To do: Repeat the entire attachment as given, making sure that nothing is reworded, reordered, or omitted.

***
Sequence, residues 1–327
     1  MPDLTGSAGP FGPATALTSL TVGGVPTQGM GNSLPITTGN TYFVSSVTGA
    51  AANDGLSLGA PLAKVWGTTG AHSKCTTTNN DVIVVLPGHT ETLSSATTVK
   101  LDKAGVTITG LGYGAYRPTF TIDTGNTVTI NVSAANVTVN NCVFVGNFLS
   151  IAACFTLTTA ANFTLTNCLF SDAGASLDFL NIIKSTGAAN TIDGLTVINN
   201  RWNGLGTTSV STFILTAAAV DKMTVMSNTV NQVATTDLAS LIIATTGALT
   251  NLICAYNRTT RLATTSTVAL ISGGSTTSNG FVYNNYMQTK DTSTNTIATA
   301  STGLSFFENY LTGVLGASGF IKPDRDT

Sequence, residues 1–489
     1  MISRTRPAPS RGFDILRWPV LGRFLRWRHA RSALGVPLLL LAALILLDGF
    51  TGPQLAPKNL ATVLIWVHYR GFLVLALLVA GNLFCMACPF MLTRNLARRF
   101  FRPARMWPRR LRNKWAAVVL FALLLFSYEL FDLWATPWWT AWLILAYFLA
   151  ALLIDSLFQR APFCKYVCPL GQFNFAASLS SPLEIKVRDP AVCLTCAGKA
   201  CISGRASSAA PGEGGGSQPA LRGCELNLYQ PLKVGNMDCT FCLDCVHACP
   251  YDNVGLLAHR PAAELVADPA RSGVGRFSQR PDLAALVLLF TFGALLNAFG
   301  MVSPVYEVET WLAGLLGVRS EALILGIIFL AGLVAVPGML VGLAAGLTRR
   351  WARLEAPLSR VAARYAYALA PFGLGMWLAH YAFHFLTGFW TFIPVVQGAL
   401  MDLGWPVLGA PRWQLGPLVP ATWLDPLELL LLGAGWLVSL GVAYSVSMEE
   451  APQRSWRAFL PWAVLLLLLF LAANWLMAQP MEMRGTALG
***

Sequence, residues 1–327
     1  MPDLTGSAGP FGPATALTSL TVGGVPTQGM GNSLPITTGN TYFVSSVTGA
    51  AANDGLSLGA PLAKVWGTTG AHSKCTTTNN DVIVVLPGHT ETLSSATTVK
   101  LDKAGVTITG LGYGAYRPTF TIDTGNTVTI NVSAANVTVN NCVFVGNFLS
   151  IAACFTLTTA ANFTLTNCLF SDAGASLDFL NIIKSTGAAN TIDGLTVINN
   201  RWNGLGTTSV STFILTAAAV DKMTVMSNTV NQVATTDLAS LIIATTGALT
   251  NLICAYNRTT RLATTSTVAL ISGGSTTSNG FVYNNYMQTK DTSTNTIATA
   301  STGLSFFENY LTGVLGASGF IKPDRDT

Sequence, residues 1–489
     1  MISRTRPAPS RGFDILRWPV LGRFLRWRHA RSALGVPLLL LAALILLDGF
    51  TGPQLAPKNL ATVLIWVHYR GFLVLALLVA GNLFCMACPF MLTRNLARRF
   101  FRPARMWPRR LRNKWAAVVL FALLLFSYEL FDLWATPWWT AWLILAYFLA
   151  ALLIDSLFQR APFCKYVCPL GQFNFAASLS SPLEIKVRDP AVCLTCAGKA
   201  CISGRASSAA PGEGGGSQPA LRGCELNLYQ PLKVGNMDCT FCLDCVHACP
   251  YDNVGLLAHR PAAELVADPA RSGVGRFSQR PDLAALVLLF TFGALLNAFG
   301  MVSPVYEVET WLAGLLGVRS EALILGIIFL AGLVAVPGML VGLAAGLTRR
   351  WARLEAPLSR VAARYAYALA PFGLGMWLAH YAFHFLTGFW TFIPVVQGAL
   401  MDLGWPVLGA PRWQLGPLVP ATWLDPLELL LLGAGWLVSL GVAYSVSMEE
   451  APQRSWRAFL PWAVLLLLLF LAANWLMAQP MEMRGTALG